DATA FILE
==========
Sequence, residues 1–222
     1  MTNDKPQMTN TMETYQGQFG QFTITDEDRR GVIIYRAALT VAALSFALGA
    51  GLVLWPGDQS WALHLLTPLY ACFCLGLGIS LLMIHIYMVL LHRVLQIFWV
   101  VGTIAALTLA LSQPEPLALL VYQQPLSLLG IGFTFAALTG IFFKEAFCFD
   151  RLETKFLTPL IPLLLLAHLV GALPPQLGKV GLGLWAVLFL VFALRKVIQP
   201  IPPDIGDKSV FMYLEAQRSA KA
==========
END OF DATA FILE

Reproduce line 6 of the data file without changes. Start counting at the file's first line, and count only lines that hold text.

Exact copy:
   201  IPPDIGDKSV FMYLEAQRSA KA